And having to impact third party is way too much to ask in general - you should not be responsible for their mess unless there is a really good reason for that. They are not paying you salary for that. 🙂
I'll have to look into the forward untrust thing. I was not aware of that. Perhaps it is a solution. Today, for connections which are not decrypted, people do receive the normal browser certificate warning and are permitted to bypass it.
That said, I do not like to train users to bypass security warnings. I think that sets a bad precedent. You might say that we are already doing this today, but that's not really true. Browsers themselves handle sites better when the intermediate certificate is missing. PAN-OS just chokes in these situations..
In general - yes, reasonable sites should have proper and trusted certificate warning. You can probably play around with decryption policies and create a list of sites (with URL category) which should be accessed by users, but uses untrusted cert and, when they are passing via Palo, resign them with your trusted CA. That way users will still be able to access these sites, they will not have cert warning and you will control the list of such a sites.
Browser vs Palo thing - I guess it imay be a matter of trusted CA list. Device -> Certificates -> Default Trusted Certificate Authorities. They probably differ, so that may impact the result.
No, that's incorrect. PAN-OS trusts the root certificates but, unlike how browsers handle the situation, it doesn't trust the host certificate unless the host also has the intermediate certificate installed.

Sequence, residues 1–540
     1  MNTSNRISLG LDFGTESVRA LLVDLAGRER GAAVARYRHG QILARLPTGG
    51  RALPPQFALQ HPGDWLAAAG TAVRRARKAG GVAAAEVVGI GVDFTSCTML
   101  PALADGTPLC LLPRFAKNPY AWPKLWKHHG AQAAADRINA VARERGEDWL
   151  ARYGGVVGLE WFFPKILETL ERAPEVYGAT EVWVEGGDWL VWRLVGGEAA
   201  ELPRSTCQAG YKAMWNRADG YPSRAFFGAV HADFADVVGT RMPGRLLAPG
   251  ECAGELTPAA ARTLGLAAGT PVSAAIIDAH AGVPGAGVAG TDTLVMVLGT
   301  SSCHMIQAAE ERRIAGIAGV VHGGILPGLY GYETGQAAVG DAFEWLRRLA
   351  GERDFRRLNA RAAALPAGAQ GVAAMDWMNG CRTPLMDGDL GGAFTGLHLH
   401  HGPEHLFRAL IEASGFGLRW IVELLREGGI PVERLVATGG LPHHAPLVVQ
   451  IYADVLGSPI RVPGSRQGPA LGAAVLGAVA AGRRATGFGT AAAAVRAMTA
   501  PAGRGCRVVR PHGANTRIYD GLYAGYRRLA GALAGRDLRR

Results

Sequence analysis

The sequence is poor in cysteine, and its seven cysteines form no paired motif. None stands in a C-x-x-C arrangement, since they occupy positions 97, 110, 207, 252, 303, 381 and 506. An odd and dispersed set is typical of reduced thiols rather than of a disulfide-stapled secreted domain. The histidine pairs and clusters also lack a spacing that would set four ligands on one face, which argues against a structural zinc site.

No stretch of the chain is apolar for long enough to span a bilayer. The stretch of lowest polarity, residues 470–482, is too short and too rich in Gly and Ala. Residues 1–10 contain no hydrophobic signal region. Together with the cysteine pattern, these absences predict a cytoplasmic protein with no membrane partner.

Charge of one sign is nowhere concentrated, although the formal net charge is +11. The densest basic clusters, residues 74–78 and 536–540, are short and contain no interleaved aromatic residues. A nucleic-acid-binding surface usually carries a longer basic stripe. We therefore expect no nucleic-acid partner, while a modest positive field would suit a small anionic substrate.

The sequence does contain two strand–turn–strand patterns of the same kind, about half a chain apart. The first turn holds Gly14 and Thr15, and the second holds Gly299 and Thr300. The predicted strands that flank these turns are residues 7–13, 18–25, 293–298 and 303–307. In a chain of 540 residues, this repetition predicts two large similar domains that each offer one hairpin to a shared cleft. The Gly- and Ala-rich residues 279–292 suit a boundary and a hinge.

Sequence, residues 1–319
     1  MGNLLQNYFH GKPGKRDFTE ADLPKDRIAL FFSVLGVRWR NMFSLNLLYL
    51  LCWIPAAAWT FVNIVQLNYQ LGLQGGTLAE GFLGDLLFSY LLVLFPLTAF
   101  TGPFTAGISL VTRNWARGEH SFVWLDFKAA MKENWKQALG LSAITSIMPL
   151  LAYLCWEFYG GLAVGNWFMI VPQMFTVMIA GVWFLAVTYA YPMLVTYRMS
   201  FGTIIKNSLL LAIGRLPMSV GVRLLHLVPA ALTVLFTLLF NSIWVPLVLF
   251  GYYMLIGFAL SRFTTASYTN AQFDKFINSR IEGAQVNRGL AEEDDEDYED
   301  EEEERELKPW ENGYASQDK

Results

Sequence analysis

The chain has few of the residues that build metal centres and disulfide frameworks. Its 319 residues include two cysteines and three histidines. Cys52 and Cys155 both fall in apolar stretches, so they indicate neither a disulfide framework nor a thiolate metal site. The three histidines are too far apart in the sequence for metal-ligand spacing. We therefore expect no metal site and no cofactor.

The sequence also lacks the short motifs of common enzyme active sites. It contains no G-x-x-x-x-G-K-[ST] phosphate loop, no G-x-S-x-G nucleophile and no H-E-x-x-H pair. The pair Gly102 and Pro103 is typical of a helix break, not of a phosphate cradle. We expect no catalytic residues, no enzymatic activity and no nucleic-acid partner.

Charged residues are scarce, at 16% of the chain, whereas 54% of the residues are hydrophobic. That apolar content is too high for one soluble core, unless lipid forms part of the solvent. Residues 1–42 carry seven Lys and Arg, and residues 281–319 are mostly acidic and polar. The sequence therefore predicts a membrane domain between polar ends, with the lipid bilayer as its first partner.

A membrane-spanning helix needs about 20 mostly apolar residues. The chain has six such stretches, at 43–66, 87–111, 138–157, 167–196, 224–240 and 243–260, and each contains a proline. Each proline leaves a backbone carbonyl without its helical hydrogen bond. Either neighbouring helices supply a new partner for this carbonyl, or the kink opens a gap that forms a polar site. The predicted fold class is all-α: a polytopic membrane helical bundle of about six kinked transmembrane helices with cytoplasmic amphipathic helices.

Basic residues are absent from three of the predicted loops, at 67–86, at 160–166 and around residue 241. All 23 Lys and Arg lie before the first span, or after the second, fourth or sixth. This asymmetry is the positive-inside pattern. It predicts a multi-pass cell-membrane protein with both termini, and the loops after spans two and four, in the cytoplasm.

For such sites, users not being decrypted do not experience any certificate warning at all because their browsers process the certificate chain differently (I believe they use a different mechanism to acquire the missing intermediate certificate).
The challenge is how PAN-OS handles the missing intermediate certificate vs. how browsers handle it.
6 years on and this is still an issue - while the server owner should be responsible for serving the intermediate cert, most modern browsers find missing certs from the AIA extension (https://www.rfc-editor.org/rfc/rfc5280#section-18.104.22.168) making broken chains transparent to end users.
In 2022, a PAN-OS 10.1 device with TLS decryption will still not trust a broken chain making the user experience resulting in sites that were previously verified and trusted being inaccessible to users without either creating exceptions or installing intermediate certs in PAN-OS. Or forcing the server owner to fix it. Neither of which anyone wants to manage.
PAN-OS needs to provide the option to fetch intermediates in the same manner it does CRLs (from certificate extensions) and use the CRL service route.